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Description: No present theory explains the inferences people draw about the real world when reasoning about “bouletic” relations, i.e., predicates that express desires, such as 'want' in Lee wants to be in love. Linguistic accounts of 'want' define it in terms of a relation to a desirer’s beliefs, and how its complement is deemed desirable. In contrast, we describe a new model-based theory that posits that by default, desire predicates such as 'want' contrast desires against facts. In particular, 'A wants P' implies by default that P is not the case, because you cannot want what is already true. On further deliberation, reasoners may infer that A believes, but does not know for certain, that P is not the case. The theory makes several empirical predictions about how people interpret, assess the consistency of, and draw conclusions from desire predicates like 'want'. Seven experiments tested and validated the theory’s central predictions. We assess the theory in light of recent proposals of desire predicates.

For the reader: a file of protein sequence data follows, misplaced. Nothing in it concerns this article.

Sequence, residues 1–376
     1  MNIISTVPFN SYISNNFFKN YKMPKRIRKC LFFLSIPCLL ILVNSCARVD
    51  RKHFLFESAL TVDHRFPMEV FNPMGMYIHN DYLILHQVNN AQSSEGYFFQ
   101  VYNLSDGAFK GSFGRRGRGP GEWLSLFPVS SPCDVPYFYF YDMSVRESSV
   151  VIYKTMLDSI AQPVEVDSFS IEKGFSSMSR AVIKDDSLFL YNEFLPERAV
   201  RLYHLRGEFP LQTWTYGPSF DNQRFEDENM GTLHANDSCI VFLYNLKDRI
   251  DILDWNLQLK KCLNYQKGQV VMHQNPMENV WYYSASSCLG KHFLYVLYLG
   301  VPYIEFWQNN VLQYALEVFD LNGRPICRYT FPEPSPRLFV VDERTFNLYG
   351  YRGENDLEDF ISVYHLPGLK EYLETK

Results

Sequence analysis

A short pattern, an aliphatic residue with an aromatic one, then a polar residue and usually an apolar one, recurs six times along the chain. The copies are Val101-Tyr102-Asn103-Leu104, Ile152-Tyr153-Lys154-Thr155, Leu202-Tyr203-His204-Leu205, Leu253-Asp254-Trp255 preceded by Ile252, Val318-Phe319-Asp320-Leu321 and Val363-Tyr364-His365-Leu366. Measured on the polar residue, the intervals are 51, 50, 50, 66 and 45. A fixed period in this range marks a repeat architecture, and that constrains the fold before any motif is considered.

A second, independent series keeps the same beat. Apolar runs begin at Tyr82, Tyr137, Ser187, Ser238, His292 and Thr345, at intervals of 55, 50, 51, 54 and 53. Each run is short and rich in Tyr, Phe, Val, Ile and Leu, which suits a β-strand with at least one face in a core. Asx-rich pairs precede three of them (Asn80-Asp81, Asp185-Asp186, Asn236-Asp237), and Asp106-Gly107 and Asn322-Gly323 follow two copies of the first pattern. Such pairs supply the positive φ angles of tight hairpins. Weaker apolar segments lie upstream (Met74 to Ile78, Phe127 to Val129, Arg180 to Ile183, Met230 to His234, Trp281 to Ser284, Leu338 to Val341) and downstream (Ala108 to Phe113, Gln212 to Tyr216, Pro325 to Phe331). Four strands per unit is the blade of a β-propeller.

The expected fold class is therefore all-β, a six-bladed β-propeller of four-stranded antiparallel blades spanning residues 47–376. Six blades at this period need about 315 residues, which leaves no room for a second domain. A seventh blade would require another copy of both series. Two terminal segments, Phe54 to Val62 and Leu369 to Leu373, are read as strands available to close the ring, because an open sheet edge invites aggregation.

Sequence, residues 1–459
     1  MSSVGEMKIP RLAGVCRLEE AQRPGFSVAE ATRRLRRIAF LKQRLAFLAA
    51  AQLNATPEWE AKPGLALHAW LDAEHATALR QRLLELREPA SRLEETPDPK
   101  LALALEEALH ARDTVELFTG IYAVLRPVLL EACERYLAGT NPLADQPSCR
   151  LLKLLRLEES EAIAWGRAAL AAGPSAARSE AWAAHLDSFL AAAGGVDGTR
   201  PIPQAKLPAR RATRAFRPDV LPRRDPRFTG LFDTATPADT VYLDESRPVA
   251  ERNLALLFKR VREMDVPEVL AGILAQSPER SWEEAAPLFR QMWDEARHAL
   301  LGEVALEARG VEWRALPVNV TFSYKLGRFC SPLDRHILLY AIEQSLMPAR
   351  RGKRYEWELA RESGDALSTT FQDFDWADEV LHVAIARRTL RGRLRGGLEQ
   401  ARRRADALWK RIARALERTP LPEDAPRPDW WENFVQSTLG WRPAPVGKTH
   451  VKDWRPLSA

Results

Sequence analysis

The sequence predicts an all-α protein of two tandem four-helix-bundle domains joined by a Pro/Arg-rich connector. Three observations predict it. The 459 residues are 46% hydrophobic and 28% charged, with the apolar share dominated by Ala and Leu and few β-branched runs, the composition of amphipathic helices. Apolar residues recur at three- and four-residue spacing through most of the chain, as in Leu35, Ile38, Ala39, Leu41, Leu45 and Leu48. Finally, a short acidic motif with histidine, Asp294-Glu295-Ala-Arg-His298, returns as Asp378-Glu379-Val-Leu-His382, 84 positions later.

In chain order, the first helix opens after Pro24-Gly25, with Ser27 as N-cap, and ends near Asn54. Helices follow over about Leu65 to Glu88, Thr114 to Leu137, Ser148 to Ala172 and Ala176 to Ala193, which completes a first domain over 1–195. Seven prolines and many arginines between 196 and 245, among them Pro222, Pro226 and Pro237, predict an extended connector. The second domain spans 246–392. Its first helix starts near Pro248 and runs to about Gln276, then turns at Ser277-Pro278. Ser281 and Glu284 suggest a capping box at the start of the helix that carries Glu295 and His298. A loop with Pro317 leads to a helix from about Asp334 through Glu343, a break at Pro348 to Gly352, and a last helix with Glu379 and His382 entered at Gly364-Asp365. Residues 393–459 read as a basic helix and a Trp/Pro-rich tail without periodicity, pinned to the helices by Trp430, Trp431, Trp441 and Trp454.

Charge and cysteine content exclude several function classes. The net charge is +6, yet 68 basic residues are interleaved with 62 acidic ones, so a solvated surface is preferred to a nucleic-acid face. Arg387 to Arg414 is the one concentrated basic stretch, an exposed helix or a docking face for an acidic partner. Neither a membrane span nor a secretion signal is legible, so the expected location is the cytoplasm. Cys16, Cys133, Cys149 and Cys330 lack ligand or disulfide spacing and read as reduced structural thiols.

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A theory of bouletic reasoning

No present theory explains or models the inferences people draw about the real world when reasoning about “bouletic” relations, i.e., predicates that ...

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